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- Adapt to your audience, and write in simple language.
So why spend time on it?
- It showcases the nature of the processing you put in place and therefore has a reassuring effect on your audience simply by its existence.
- It provides savvy eyes with a potential overview of your level of GDPR compliance. It is also easy for the CNIL to audit. Poorly written, this document can unnecessarily increase the risk of being audited.
Don’t reduce it to a legal document. Don’t write only for lawyers: it’s neither a contract nor a legal conclusion.
Therefore, avoid formats that aren’t appealing:
- the pdf file that makes you think you’re downloading a contract;
- the .doc file that requires you to load your word processing software to inform yourself;
- the text format, TXT, was trendy, but not anymore…
It is, therefore, best to adopt the same standards you use for your other pages:
- Break down your policy into sections with bold titles and a substantial size. The plan should appear clearly, and each title should evoke the content of the relevant paragraph.
- Write short and spaced-out paragraphs.
- Space out your text. Isolate your ideas in bullet-pointed lists.
- Adopt a very readable font size and typeface. Write in black on a white background, not in beige, white, or light gray.
Adapt to your audience, and write in simple language.
Many privacy policies are written in technical language, with legal jargon.
Unfortunately for you, the policy itself encourages it:
- You will have to talk about the legal basis or foundation and certainly about legitimate interest. Behind these false friends (of course, your processing is lawful. And we can imagine that you have an interest in processing data…) hides a proportionality test.
- Your audience has rights, and based on their titles, there is no doubt they are unaware of them: portability, limitation of processing…
- The right to dispose of one’s data post-mortem. Nothing better to sell than to remind your audience that they will die someday…
Prefer understandable vocabulary for legal jargon. The objective is to make your visitors understand the scope of your data processing.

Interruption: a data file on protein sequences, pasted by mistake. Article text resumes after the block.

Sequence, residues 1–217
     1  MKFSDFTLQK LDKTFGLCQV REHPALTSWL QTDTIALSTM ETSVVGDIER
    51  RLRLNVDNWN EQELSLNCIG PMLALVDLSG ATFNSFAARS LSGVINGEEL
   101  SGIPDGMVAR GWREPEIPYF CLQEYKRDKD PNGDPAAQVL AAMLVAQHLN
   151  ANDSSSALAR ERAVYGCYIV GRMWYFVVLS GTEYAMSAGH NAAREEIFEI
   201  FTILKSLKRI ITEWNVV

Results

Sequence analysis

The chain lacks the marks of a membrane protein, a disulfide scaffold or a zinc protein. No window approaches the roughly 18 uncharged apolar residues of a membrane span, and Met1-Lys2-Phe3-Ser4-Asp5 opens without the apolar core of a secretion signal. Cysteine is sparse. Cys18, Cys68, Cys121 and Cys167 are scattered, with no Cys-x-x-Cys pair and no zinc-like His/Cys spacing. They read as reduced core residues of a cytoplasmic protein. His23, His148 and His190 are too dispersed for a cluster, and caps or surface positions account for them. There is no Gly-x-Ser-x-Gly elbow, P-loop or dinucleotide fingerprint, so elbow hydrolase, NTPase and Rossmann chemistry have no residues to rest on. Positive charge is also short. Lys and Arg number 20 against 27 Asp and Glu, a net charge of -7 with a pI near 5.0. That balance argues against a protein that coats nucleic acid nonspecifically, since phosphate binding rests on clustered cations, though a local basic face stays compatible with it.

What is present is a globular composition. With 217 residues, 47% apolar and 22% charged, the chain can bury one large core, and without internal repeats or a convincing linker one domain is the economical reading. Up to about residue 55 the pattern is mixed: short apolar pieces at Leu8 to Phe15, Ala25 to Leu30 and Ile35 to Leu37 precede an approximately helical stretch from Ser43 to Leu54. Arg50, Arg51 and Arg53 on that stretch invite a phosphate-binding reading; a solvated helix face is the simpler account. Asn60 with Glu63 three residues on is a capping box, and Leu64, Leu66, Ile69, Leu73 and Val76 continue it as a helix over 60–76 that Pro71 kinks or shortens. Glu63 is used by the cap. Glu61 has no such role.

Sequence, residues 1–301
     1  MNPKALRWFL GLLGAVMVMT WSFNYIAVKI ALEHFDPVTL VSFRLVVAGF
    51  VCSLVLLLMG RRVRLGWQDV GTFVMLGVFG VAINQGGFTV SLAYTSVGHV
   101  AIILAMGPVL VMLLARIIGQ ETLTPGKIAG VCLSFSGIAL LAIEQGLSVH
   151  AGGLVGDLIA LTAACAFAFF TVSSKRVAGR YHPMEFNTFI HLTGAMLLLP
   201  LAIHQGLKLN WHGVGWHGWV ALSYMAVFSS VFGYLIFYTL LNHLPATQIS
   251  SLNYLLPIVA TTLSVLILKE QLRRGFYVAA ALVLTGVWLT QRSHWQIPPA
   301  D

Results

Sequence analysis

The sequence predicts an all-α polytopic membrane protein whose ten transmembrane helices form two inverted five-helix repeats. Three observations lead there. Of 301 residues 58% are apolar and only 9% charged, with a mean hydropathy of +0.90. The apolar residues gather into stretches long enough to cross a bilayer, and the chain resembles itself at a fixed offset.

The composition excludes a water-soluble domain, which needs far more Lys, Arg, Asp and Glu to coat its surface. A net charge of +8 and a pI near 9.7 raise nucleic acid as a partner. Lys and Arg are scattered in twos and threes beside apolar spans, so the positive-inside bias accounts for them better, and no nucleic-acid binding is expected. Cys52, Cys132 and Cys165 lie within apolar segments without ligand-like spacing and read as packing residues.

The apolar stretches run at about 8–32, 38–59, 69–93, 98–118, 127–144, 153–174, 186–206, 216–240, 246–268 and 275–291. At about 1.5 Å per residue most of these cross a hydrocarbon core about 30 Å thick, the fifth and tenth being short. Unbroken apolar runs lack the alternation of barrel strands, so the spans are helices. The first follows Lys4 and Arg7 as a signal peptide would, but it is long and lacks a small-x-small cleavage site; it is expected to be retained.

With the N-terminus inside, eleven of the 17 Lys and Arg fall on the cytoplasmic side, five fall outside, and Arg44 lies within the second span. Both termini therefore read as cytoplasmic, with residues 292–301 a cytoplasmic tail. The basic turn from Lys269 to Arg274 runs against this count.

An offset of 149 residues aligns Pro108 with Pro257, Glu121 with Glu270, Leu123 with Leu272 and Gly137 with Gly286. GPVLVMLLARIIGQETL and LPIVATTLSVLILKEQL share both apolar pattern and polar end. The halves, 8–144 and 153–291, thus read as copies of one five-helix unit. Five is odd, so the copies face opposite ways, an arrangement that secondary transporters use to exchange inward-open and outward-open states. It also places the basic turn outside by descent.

Sometimes, you publish a specialized site for audiences considered particularly vulnerable.
- A press or gaming site for children or adolescents;
- An association site hosting people with mental disabilities;
- The showcase site of a structure hosting senior citizens who are not very familiar with the internet;
There are also other possibilities, some of which are low-cost or even free:
- Automatic generators allow you to edit a policy that automatically integrates certain legal information.
These methods simplify the production of the document, but not to the point where you can take the text and distribute it as it is on your website. Remember to adapt it to your specific needs.
The goal is to make your visitors understand the extent of your data processing.
- Adopt simple sentence structures and avoid abstract images.
- Adopt an affirmative tone and avoid vague phrases such as “it is possible that” or “data may/will be used for.”
- Describe specific uses of the data, not general purposes such as historical and statistical research, service improvement, new service development, or personalization. Of course, these purposes are not prohibited, but you will need to clarify their meaning.
- Avoid multiple references to other documents. Information should be made available in 1 or 2 clicks. Not 5. Certainly not 10.